Thursday, October 9, 2008

Fits like a glove

One
day left in the residency I am doing in Houston. This has been a good one. The kids in this high school have been great and the teachers pretty top notch. The queen bee of the crew that I am working with is a tall bespectacled young woman with curly hair that looks like it might want to get a bit wild but knows better. There’s a nice confidence about the staff. If I were to be cliché I might say that the crew is big picture people – but since I am never cliché I won’t.

One of the five classes that I have been teaching is an ESL (English as Second Language) group. I’ve gained an affinity for ESL kids. Maybe it’s all the international travel the last couple years – I know all too well what it is like to be a somewhat intelligent and passably articulate person rendered beyond functionally illiterate by circumstance.

There was the time I was momentarily and most disconcertingly lost in Shanghai.

One of the joys of working with international schools is one immediately has an advocate in a new and foreign place. The teachers working there have got all the scoops on restaurants, sightseeing, bargains and local specialties - all that good stuff and they enjoy sharing this hard earned data with visiting authors. Shanghai has an incredible fabric market.

Imagine the biggest farmer’s market you have ever seen. Think of that layout stall after stall after stall. Now instead of fresh vegetables the stalls are packed with fabric – all kinds of material on bolts and spools, half finished jackets, skirts, blouses, boxes of buttons and snaps and men and women with cloth tape measures draped around their necks like sauna towels. Now remember, you were thinking of the biggest farmer’s market you had ever seen? Now multiply the size by at least a factor of twelve, okay now make this entity eight stories tall and recall the feel of the 1982 movie Blade Runner. Now you’re getting the idea. You don’t shop at the Shanghai fabric market, you assimilate with it.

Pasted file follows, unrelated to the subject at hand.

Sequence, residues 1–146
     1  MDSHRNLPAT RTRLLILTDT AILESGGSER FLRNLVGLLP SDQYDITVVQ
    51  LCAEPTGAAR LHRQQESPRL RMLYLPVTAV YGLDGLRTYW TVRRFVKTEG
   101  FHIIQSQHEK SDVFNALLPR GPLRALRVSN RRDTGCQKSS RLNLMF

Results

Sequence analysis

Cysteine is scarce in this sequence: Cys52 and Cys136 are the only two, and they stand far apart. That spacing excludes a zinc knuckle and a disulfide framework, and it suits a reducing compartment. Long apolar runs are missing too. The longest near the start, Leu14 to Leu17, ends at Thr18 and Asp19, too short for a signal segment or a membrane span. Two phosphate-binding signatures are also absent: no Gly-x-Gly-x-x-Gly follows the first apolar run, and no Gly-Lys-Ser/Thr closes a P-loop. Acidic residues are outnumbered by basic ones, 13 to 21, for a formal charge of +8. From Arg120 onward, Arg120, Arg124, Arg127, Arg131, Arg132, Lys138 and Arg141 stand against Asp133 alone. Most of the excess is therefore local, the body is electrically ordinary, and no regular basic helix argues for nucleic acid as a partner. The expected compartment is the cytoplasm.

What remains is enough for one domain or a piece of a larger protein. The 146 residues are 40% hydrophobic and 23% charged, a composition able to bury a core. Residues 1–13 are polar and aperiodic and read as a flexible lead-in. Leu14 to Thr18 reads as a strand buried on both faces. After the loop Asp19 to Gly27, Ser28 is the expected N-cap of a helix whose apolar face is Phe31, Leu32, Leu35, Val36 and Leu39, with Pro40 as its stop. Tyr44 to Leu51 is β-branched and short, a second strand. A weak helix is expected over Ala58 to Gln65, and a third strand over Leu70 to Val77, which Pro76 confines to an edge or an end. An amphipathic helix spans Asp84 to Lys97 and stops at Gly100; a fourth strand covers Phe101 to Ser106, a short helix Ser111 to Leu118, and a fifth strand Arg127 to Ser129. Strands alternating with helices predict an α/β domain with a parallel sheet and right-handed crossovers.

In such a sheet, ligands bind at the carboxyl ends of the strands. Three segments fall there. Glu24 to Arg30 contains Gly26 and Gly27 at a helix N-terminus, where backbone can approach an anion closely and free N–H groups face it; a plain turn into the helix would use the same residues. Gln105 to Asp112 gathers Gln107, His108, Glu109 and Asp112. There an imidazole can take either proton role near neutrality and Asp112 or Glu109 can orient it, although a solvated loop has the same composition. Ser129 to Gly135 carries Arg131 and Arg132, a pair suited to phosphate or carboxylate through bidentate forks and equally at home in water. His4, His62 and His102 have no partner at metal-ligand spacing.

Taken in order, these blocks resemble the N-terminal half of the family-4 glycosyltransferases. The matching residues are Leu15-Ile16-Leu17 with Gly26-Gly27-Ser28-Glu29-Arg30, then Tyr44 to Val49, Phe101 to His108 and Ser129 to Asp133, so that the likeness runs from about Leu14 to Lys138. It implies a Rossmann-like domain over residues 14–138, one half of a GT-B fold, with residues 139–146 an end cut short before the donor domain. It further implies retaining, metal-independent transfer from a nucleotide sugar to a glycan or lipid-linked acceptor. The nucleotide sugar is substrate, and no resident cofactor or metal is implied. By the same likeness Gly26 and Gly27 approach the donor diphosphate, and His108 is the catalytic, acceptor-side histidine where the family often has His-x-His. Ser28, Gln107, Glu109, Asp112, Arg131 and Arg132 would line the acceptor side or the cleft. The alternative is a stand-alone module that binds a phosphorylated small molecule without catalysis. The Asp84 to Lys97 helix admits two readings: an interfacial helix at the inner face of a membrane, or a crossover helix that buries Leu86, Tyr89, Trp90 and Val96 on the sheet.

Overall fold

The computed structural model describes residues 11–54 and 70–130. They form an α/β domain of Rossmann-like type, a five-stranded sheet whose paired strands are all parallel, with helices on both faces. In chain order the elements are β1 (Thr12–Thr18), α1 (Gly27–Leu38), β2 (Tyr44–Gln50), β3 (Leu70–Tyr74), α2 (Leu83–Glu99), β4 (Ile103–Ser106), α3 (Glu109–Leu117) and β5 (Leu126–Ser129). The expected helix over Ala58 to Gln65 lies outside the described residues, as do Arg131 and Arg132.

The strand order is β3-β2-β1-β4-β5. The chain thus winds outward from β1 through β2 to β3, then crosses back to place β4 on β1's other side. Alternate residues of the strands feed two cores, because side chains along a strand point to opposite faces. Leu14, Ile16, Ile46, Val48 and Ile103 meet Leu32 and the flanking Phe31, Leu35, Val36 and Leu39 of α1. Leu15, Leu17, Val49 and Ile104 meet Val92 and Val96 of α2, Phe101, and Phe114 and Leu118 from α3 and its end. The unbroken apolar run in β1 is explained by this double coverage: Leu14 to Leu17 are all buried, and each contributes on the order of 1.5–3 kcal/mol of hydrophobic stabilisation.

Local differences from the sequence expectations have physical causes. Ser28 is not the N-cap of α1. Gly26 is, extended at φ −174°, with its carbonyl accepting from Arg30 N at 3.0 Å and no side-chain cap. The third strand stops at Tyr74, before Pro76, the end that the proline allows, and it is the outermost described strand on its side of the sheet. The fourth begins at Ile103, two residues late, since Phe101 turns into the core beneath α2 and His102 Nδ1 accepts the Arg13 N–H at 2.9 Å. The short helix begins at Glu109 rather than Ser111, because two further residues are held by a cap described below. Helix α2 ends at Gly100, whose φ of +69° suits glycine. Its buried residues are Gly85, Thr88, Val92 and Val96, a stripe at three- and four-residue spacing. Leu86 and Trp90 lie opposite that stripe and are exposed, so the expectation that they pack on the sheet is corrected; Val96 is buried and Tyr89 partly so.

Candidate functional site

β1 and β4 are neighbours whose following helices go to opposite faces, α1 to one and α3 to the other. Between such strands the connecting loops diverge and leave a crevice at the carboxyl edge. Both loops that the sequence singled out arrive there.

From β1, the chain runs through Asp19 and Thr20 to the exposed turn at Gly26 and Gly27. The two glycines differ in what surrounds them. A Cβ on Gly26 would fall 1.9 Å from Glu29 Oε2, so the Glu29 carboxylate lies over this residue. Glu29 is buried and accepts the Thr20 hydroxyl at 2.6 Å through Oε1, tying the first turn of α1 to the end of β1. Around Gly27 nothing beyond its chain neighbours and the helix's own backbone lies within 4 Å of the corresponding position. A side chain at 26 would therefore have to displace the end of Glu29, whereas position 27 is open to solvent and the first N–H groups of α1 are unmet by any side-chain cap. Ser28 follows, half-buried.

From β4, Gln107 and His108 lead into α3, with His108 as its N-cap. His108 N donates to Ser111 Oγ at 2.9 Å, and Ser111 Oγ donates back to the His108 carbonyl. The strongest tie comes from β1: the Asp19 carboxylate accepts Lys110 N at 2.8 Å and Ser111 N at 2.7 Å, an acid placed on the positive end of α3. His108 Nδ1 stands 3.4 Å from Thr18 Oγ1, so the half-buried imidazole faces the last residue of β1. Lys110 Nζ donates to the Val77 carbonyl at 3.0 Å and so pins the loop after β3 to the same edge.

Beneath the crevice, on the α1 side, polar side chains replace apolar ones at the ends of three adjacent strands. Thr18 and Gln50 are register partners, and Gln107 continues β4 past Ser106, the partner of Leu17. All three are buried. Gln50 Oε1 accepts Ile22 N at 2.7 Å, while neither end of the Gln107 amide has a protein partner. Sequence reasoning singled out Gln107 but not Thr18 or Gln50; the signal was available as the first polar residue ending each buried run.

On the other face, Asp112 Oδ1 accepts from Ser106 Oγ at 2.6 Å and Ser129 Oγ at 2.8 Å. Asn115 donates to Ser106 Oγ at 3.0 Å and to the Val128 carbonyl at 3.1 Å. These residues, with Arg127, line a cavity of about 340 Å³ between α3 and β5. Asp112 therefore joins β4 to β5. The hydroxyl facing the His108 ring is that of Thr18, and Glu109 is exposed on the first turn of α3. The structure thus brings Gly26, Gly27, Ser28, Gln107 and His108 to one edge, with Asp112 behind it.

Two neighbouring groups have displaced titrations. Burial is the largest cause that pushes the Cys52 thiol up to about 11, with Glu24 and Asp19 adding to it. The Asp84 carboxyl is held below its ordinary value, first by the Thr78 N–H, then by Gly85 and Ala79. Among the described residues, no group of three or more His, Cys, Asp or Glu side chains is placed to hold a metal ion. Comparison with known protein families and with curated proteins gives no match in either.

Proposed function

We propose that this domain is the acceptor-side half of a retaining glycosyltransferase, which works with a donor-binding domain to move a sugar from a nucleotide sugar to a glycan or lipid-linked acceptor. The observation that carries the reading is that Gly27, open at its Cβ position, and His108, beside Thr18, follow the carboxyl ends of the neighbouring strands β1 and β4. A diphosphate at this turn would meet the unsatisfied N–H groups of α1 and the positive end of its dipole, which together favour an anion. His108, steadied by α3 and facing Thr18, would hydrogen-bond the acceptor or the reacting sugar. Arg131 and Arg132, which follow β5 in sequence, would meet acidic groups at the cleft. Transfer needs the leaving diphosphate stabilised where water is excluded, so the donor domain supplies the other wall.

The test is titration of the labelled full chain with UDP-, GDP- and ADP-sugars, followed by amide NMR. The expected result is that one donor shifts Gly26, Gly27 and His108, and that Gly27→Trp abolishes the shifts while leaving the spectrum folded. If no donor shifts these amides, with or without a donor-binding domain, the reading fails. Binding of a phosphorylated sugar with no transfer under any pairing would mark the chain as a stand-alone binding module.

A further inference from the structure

We got turned on to the fabric market by a student’s mother who visibly began to vibrate when I asked her if the story I had heard about the affordability of having clothing tailor made in the city was true. “You want clothes made?” She was beaming – “Sweetie, you asked the right person.” And we had. This mom took us to and safely inside the death star sized Shanghai Fabric Market and introduced me to her husband’s tailor then she and Sara disappeared.

I got measured for and ordered two jackets – both a cashmere tweed material, one darker one lighter, that I picked from spools in the cubicle – then I picked the silky lining material. The tailor promised that the jackets would be ready for a fitting in three days and I think I paid something like fifty bucks apiece for them. Not bad for completely tailored sport jackets. I called Sara and the mom with the cell phone provided by the school and we joined forces again.

Three days later true to promise my jackets were ready. Sara and I were on different schedules and she had already finished her day and was at the fabric market with some other teachers picking up some stuff she had made and enjoying browsing around without me not understanding what the difference was between this hound’s-tooth and that. The plan was for me to take a cab there after school and meet up with them.

So, I ask the guy at the desk where we are staying to write a note for me to give to a cabbie instructing the hack to take me to the fabric market. He says Okie Dokie and fills a half piece of notepaper with Chinese characters and hands it to me with both hands smiling and a little bow. To this day I have absolutely no idea what was written on that paper.